The Labor Department reported today that U.S. employers added an unexpectedly strong 163,000 jobs, but the unemployment rate rose to 8.3% from 8.2%.
Despite July's job gains, the economy remains weak more than three years after economists declared the recession had ended in June 2009. Growth slowed to an annual rate of 1.5 percent in the April-June quarter, down from 2 percent in the first quarter and 4.1 percent in the final three months of 2011.
So what does this mean for the presidential race? Well, each side will focus on what advances their argument.
Ethan Klapper notes:
If you're a Democrat, your number is 163,000. If you're a Republican, your number is 8.3 percent.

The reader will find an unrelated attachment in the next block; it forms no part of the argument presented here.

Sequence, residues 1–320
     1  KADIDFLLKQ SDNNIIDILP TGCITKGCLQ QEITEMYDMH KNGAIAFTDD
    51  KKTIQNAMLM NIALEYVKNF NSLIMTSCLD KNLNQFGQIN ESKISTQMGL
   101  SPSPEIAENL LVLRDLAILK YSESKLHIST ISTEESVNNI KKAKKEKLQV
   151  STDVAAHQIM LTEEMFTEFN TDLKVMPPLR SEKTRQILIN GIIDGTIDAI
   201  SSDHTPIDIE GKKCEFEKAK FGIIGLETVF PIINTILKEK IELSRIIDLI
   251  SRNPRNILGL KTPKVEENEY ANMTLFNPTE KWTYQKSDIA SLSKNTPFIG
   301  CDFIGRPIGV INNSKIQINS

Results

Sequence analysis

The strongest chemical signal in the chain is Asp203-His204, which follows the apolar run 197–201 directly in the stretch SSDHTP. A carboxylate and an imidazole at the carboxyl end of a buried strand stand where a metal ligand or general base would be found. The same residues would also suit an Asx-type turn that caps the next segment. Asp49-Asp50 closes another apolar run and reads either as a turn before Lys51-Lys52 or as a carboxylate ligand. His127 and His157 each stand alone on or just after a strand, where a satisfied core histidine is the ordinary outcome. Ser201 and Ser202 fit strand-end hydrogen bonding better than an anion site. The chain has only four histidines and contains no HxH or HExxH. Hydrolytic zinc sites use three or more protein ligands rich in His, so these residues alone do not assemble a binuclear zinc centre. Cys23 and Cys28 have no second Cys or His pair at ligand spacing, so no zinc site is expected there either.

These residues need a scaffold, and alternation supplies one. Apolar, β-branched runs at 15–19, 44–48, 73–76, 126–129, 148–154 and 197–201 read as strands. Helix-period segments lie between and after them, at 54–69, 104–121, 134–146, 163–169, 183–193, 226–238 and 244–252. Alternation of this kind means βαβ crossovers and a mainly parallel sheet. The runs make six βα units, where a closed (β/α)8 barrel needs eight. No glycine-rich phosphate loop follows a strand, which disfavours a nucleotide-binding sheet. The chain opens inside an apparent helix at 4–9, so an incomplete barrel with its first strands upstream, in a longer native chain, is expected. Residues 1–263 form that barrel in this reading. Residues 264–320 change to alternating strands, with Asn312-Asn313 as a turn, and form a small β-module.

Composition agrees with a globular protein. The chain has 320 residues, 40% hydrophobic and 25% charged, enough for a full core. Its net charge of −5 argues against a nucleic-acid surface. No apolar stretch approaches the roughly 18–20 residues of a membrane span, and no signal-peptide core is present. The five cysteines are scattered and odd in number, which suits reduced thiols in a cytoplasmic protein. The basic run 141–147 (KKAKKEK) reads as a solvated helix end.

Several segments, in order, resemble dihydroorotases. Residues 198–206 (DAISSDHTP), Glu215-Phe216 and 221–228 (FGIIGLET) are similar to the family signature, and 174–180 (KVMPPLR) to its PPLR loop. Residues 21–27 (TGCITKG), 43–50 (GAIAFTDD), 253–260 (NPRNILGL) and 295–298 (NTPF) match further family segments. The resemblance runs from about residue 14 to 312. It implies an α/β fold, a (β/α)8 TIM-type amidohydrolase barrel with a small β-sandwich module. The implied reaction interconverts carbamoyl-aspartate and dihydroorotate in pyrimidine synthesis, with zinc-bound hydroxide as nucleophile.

UPDATE: Mitt Romney is calling the unemployment rate "a hammer blow."
“Today's increase in the unemployment rate is a hammer blow to struggling middle-class families. Yesterday I launched my Plan for a Stronger Middle Class that will bring more jobs and more take home pay.
My plan will turn things around and bring the economy roaring back, with twelve million new jobs created by the end of my first term. President Obama doesn’t have a plan and believes that the private sector is ‘doing fine.’ Obviously, that is not the case. We’ve now gone 42 consecutive months with the unemployment rate above eight percent. Middle class Americans deserve better, and I believe America can do better.”